I discovered only by accident a week ago a little book called Liberalism, by the English philosopher John Gray, published originally in 1986 and in its second edition in 1995.  For many reasons, I wish I’d known of it earlier, as I’m finding it useful in my continuing pursuit of liberalism—and of the nastier and more notorious members of the liberal species.  Having been commissioned as a single volume in an edited series called Concepts in Social Thought, it is much briefer and more narrowly academic than Kenneth Minogue’s classic on the same subject, published in the early 60’s, though still useful.  Gray discerns, among all the variants of the liberal tradition, four elements that are common to all of them: individualism, egalitarianism, universalism, and meliorism.  He lays special emphasis, in our time, on the last two.

Skipping forward to the Conclusion, added in 1994, I found what I was looking for in particular: an assessment of the future of liberalism in the 21st century.  Here Gray notes that, as liberalism is hegemonic in no society (he is writing in 1994, remember), but rather is partially constrained by the survival of traditional political elements cheek by jowl with it, not even Western liberal cultures can be assured of continuous self-renewal in future.  Nearly 25 years later, the Western world has suffered a period of liberal hegemony that is now being powerfully challenged in the United States and Europe.

The ruin of Soviet Marxism was, after all, the failure of a universalist Western ideology, of a species of the Enlightenment project; it was [contrary to Francis Fukuyama’s view] not the end, but the resumption of history, in forms as little likely to be liberal as they are to be ever again Marxist.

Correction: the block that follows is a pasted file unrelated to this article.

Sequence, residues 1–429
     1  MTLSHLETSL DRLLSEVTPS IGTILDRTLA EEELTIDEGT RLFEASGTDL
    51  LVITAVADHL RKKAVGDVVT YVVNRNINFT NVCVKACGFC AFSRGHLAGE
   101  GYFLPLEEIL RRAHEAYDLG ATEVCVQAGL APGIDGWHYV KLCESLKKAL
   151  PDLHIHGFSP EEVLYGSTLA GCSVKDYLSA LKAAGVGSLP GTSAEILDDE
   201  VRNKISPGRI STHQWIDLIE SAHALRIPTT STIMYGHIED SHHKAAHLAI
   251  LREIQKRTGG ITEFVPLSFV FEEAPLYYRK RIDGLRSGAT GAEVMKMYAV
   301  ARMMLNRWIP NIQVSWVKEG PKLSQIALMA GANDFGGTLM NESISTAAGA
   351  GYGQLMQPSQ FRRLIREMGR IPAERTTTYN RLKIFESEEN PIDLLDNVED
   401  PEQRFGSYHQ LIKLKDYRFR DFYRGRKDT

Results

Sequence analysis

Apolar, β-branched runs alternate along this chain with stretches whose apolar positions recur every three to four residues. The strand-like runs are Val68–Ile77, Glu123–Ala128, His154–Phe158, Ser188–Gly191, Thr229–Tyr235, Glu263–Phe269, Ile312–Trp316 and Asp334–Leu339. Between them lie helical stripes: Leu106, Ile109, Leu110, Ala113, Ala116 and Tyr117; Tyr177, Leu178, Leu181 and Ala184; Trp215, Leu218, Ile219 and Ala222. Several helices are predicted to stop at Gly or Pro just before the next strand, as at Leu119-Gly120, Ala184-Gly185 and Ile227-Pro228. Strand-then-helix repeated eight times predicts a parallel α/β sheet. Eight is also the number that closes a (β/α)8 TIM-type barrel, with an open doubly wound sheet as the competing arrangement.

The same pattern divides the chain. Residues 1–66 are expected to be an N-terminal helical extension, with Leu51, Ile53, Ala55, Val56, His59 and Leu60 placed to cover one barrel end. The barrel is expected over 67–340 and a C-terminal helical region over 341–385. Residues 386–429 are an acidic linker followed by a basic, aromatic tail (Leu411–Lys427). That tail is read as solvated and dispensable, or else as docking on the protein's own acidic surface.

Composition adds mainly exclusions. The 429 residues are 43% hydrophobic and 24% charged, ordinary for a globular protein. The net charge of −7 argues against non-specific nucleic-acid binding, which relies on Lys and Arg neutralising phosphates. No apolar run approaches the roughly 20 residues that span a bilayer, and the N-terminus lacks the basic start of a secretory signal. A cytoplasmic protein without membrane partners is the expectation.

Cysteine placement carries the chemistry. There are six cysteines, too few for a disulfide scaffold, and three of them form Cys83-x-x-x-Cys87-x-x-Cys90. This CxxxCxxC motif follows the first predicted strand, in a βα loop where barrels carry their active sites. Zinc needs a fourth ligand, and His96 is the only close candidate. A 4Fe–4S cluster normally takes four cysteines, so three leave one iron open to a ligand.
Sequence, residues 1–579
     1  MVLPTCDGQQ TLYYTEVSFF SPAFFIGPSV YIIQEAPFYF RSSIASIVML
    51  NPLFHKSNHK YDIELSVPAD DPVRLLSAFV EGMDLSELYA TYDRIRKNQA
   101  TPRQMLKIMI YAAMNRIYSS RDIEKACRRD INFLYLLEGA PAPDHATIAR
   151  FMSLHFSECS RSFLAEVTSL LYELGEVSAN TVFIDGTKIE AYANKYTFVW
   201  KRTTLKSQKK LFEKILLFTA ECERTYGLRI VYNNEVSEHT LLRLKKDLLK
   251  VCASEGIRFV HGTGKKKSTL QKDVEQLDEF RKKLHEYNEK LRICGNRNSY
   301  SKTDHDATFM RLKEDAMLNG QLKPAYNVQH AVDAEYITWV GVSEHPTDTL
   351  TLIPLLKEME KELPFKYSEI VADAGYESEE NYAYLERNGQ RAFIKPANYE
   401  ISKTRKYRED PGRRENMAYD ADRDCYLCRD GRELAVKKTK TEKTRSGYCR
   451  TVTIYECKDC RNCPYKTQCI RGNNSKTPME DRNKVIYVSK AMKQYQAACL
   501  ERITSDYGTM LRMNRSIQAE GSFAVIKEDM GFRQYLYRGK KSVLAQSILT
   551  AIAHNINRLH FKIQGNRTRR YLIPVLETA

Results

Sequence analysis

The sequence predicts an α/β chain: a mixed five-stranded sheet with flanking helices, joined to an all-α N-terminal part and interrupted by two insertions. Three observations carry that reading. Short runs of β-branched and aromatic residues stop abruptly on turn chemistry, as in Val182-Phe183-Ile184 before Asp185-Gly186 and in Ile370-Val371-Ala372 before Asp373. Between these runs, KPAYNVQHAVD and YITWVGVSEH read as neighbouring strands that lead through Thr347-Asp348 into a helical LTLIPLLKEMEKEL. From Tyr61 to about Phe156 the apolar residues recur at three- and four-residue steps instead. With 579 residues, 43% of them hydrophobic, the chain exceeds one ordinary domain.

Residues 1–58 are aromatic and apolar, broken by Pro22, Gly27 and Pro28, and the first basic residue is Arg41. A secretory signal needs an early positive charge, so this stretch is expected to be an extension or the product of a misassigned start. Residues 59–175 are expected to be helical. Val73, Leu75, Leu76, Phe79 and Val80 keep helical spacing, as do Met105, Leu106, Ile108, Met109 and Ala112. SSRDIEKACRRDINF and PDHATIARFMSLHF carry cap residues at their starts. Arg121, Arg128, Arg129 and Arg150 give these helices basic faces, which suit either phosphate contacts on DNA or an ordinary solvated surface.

Gray concludes:

In the postmodern age, liberal culture and liberal states must renounce any claim to universal authority, and learn to live in harmony with other, non-liberal cultures and polities.  Finding institutions which can harbour cultural diversity in peace, both in relations between states and within states, is the pluralist challenge to postliberal thought.

It is a challenge that American and European liberals are not meeting well, as they willfully and angrily resist their publics’ revolt against illiberal democracy at home and the forced imposition of democracy globally.

        —Chilton Williamson, Jr.


“Everyone needs some teaching on morals and a description of virtues,” declared the great Lutheran Reformer Philip Melanchthon.  The Praeceptor Germaniae was speaking at the University of Wittenberg, 1534, introducing a course on Cicero’s De Officiis (On Duties) to students—young men who needed to learn how to behave.  Christians rarely see the need for such instruction these days, owing to our incurable sensitivities at being told that we might have sinned, or that we ought to be doing something we’re not already inclined (as pro-life, pro-marriage believers) to do.

Yet the Church has, at least since St. Ambrose, read Cicero with delight, figuring that the wisest among the pagans might have something to teach us, having recourse as they did to natural law and the “traditions of the ancients,” as Josef Pieper routinely pointed out.  Thus, Cicero won’t tell us about how a man may have his sins forgiven, but he can certainly tell us how a man ought to comport himself, not just to achieve the “success” sought by sophists, but to do actual good in civil society.

Those interested in meditating on that will delight in the great Roman orator’s book, dedicated to his son, and the Loeb edition of De Officiis—lately a companion of mine—is an attractive, readable hardcover volume that is small enough to tote around.  The side-by-side layout of the original text and its English translation allows you even to practice and check your Latin.

        —Aaron D. Wolf